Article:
Recently, however, I’ve started to hear things moving on the other side of the townhouse wall. The noises aren’t loud or frequent. It’s mostly soft shuffling and light tapping, usually right before dawn and just after dusk. To make matters even more curious, someone has been watering the plants in the house’s back yard. Two leafy fig trees have grown from small sprouts to extraordinary heights over the summer.

Earlier this evening, I noticed that the house’s back door was open. It was just a crack, as if someone had forgotten to close it. The opossums that live in the alleyway that will come inside and eat your trash if you let them, so I figured I’d be doing someone a favor if I closed the door. I climbed over the crumbling cinderblock wall and maneuvered through the foliage. When I put my hand on the knob, the door surprised me by swinging open.  

The was nothing inside, just uneven floors and sagging ceilings like my own, but I could hear a beeping sound emerging from the basement. I peeked down the stairs, where I saw an older man in a colorless cardigan sweater sitting on a metal folding chair. He was flipping through an issue of National Geographic that he’d taken from a sagging cardboard box filled with old magazines.

I froze in alarm, but he looked up and met my eyes before I could back away. “I’m sorry to bother you,” I apologized. “I live next door, and I heard the beeping. I was worried something was going to explode.”

“It’s fine.” He shrugged. “It’s just an oven timer. I figured I’d give it a few more minutes, but I might as well turn it off.”

I felt awkward, like I couldn’t just leave, so I asked him why he was sitting in the basement with an oven timer.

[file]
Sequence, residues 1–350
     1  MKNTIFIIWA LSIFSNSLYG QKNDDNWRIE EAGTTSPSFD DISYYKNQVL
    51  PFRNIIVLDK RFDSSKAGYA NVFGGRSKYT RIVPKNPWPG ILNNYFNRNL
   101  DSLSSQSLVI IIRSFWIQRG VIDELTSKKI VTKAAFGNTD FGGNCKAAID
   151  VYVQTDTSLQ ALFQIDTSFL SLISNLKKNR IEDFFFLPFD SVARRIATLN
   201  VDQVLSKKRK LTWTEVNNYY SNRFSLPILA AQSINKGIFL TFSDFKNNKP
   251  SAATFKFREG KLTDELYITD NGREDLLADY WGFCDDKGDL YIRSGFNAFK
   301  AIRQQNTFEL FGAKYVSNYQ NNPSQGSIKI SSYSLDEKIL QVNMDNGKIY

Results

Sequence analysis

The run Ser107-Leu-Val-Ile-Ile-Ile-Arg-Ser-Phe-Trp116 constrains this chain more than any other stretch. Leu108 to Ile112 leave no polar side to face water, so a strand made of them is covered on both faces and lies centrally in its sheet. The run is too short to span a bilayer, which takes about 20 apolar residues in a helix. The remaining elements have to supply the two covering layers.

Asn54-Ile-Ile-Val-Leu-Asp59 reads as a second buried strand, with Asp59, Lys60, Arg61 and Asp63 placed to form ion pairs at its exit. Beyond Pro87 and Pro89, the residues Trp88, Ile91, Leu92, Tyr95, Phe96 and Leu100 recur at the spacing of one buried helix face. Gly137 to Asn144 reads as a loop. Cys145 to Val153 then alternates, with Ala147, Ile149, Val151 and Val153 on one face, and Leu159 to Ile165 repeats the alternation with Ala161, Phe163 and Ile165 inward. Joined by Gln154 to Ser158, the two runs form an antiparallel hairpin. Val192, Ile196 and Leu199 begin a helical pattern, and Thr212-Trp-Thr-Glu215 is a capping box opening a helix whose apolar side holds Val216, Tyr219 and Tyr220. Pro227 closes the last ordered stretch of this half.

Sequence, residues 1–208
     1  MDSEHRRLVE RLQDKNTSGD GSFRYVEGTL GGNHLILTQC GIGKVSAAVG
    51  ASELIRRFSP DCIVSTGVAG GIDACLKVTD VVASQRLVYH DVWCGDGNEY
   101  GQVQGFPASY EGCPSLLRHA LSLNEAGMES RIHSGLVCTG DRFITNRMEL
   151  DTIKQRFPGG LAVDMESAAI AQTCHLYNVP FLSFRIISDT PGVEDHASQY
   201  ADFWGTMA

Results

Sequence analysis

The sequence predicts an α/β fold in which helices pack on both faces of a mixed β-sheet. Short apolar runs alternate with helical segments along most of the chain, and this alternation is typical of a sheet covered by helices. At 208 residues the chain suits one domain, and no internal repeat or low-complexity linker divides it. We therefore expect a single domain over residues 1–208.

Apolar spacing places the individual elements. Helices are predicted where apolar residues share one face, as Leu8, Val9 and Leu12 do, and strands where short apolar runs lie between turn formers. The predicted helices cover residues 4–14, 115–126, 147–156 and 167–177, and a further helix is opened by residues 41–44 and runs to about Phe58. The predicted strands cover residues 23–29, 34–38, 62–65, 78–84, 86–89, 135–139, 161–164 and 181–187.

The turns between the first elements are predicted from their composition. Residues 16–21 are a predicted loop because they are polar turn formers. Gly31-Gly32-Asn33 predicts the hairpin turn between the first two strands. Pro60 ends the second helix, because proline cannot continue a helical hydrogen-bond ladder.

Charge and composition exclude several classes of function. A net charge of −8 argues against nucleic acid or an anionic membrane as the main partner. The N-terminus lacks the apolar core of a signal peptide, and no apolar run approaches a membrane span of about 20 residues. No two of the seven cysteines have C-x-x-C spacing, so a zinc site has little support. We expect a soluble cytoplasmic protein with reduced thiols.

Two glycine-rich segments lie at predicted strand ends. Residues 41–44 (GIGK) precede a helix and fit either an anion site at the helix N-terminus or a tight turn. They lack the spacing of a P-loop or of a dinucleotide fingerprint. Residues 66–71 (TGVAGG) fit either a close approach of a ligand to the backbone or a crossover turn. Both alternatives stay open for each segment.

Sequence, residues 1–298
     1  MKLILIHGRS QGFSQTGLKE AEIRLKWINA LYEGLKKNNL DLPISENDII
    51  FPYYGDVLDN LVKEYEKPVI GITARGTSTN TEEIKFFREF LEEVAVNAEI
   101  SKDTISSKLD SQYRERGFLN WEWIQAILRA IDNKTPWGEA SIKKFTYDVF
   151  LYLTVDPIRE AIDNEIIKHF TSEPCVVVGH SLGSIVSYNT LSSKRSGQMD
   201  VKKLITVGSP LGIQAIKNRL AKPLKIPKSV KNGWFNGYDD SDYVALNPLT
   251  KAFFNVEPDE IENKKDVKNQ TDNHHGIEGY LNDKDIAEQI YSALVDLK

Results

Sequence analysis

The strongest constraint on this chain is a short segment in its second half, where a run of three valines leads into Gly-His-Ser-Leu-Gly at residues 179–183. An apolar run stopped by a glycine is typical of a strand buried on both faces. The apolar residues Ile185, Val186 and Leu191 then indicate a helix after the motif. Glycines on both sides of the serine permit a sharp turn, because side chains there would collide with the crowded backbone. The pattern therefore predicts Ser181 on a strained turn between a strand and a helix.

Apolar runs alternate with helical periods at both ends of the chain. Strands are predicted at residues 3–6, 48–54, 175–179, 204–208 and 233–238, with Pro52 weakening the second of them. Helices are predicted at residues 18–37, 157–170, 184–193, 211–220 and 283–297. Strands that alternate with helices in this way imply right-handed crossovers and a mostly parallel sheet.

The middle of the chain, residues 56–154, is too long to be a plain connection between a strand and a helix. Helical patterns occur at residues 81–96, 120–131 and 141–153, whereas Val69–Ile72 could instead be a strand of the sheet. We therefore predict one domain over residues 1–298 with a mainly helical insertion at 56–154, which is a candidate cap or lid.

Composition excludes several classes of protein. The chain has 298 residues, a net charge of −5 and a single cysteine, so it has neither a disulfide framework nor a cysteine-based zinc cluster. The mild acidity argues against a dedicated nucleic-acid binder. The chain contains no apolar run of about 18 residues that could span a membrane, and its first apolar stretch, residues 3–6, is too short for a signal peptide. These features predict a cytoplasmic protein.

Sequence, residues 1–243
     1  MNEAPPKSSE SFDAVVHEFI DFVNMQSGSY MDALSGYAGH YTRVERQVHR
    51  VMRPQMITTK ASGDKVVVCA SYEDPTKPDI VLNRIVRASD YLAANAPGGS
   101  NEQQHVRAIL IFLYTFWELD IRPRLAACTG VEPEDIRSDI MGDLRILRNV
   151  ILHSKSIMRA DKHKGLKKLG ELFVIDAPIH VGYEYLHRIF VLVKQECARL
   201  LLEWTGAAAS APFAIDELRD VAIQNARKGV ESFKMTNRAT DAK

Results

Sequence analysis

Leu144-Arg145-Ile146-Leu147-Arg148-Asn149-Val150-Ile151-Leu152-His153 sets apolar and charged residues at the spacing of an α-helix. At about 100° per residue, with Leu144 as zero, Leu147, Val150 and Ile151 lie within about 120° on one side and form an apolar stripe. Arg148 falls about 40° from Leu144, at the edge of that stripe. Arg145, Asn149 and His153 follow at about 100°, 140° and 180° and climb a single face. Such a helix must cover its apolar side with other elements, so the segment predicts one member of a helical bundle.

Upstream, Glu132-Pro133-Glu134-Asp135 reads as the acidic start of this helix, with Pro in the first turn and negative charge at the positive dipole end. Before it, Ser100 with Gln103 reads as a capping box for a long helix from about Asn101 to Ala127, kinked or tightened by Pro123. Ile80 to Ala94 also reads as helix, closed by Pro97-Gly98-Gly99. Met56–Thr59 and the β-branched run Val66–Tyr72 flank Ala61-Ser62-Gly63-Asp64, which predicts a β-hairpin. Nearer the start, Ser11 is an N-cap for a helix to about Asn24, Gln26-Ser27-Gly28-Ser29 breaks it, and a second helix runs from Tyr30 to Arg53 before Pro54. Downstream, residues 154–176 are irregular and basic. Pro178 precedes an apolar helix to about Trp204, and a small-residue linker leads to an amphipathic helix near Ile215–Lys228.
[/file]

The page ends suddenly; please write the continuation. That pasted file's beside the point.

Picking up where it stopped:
“They pay me to look after the place,” he answered. “You know, rattle a few chains, make some thumping noises in the night. Feed the spiders, maybe put a bloody handprint on the window, that sort of thing. It keeps the property values down.”

I realized that I could see the back of the chair through the man’s sweater. This didn’t bother me as much as perhaps you’d think it would. I’d seen stranger things in the neighborhood, and the man seemed nice enough. “I haven’t really heard anything from next door,” I admitted. “Do you want me to be more scared?”

“Don’t sweat it. They’re not paying me much, and I haven’t gotten a raise in years. My heart’s just not in it these days.” With a sigh, he closed the magazine and tossed it back into the box before disappearing in a thin whisp of smoke.

I left the basement, closing and locking the door behind me before returning to my own house. I guess the post-pandemic economy has been tough for everyone. All things considered, I don’t mind living next to a haunted house. Like I said, it’s affordable, and it’s quiet.

. . . . . . . . . . . . . . . . . . . .

This illustrated short story was originally published in the Philly Zine Fest 2022 Anthology. This year’s Philly Zine Fest was held at Temple University on Saturday, November 5. Despite a giant political rally happening right across the street that afternoon, it was a very chill and relaxed event with lots of good vibes and creative energy. It’s been my dream to table at the Philly Zine Fest for years, and it was just as amazing as I hoped it would be. Here’s to many more celebrations of independent artists and writers in years to come! If you’re interested, you can find the Philly Zine Fest website (here), and it’s definitely worth checking out their parent organization, The Soapbox Community Print Shop & Zine Library.